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Expert Reviews 1 of 3
By Jim Mateja
March 15, 1992
Used to be that you knew it was time to buy a Buick when your physician put you on a soft-food diet. Buicks were ugly, but they were big. Styling was immaterial, because most owners wore bifocals, anyway. Besides, most owners didn`t care what the
car looked like as long as it weighed 6,000 pounds and offered them lots of protection when they accidentally bumped into other cars in the lots on senior citizens` outings. There were two reasons Buick catered to the same crowd as AARP: The cars
were so expensive you had to save for 65 years to afford one, and, equally important, the car division was run by general managers who were but a step from Medicare themselves. The young guys ran Chevrolet and Pontiac, the geriatrics ran Oldsmobile and
Buick. A Buick still is expensive. You might not have to save 65 years to afford one, but the average Joe or Jane on the street would have to allow 60 months to pay for one. The high cost still keeps a Buick out of the hands of the middle class,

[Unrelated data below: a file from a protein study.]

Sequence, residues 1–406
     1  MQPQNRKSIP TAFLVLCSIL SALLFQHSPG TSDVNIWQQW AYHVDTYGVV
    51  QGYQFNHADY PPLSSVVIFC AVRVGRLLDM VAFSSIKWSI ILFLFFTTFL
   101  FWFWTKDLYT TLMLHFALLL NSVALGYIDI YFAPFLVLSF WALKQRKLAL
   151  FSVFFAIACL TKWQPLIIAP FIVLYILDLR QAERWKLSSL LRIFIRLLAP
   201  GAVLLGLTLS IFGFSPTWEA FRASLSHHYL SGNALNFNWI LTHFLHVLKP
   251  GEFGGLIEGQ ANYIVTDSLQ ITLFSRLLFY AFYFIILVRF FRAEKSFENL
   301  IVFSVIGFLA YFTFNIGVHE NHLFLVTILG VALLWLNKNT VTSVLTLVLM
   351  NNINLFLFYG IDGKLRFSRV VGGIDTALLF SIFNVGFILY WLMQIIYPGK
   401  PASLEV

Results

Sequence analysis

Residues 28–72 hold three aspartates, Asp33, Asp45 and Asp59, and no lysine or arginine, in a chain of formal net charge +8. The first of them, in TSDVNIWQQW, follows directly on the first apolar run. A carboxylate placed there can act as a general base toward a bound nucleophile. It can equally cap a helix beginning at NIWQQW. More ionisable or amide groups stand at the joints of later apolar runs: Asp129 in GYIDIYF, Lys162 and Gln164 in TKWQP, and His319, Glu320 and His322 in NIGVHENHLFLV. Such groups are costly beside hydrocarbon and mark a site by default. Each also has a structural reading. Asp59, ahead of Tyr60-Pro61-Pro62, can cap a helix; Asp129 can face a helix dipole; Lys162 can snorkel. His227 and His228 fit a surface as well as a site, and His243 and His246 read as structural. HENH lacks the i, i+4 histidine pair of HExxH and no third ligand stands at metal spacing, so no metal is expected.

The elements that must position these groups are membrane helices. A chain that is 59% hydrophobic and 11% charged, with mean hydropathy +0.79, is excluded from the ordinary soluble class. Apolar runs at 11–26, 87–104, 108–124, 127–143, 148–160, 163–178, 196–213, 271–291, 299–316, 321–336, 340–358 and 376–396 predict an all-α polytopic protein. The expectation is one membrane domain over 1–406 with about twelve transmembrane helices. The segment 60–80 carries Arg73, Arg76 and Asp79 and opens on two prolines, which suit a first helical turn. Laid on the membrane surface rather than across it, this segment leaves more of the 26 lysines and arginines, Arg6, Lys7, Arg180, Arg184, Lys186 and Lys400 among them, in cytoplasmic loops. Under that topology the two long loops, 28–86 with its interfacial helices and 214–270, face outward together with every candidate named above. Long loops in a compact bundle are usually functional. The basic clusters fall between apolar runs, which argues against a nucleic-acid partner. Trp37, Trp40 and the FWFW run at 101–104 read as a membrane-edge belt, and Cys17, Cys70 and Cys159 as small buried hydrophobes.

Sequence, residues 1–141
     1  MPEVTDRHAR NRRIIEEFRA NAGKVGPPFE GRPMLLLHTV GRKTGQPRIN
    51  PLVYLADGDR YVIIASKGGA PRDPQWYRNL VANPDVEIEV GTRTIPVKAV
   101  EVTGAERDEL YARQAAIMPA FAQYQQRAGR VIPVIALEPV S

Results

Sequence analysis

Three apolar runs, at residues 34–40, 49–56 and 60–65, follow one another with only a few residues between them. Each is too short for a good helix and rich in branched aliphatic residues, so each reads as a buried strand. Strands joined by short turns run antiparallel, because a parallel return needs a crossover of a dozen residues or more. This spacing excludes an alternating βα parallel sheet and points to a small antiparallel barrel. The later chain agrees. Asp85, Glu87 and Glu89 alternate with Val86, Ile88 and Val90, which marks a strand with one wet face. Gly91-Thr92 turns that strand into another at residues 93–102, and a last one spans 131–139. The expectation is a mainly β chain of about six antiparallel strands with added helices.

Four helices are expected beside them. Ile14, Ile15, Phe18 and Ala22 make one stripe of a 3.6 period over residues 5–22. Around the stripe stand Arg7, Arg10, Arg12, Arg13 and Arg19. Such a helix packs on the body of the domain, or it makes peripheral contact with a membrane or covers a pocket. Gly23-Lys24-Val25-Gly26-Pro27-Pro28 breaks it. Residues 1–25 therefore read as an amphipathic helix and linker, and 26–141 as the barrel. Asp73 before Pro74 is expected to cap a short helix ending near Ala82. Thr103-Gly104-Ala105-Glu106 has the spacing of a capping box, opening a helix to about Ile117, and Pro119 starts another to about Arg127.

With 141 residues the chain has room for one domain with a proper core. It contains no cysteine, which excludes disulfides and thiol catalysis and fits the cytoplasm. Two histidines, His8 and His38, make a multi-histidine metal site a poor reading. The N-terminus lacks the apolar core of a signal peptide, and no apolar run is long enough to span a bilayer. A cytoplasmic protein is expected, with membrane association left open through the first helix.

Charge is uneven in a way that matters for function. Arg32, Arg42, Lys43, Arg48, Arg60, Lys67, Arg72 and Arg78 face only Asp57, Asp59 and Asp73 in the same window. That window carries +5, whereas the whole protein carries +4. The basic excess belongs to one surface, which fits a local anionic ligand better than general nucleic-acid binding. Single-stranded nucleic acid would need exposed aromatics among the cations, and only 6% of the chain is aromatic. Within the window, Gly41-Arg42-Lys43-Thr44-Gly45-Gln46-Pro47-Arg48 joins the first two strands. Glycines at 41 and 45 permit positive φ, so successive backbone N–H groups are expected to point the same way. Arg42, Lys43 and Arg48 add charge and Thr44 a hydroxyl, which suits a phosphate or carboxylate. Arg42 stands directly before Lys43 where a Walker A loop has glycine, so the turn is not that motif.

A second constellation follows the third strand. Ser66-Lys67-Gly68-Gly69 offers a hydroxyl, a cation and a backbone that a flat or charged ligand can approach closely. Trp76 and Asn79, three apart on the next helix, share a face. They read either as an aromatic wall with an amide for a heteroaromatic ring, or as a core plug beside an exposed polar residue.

which is in keeping with GM`s philosophy of starting blue-collar workers out in a Chevy and letting them move up to a Buick when they earn enough to sport a white collar. Buick now is run by a gentleman named Ed Mertz, whose claim to fame is that
he was only 49 when he became the division`s general manager and turned 55 only last week-barely the age of puberty in the traditional Buick sense. What Mertz has meant to Buick is measurable in terms of increased sales and, more importantly,
increased quality. Perhaps GM management erred in naming the relatively young Mertz to run Buick in 1986 because he was a graduate of Norte Dame, and therefore a Golden Domer. Someone must have thought that referred to his age, not his school, and let the
youth slip into the prestigious spot by mistake. Whatever, Buick never has had it so good, and neither have consumers, since Mertz took over. We`ve had the opportunity to test drivea pair of Buicks, the LeSabre and the Park Avenue Ultra,
the division`s biggest and most expensive offerings. These are very good cars. Oddly enough, however, though the Ultra-as the name implies-is the top- of-the-line model, we favor the LeSabre. Perhaps the main reason is that the LeSabre starts at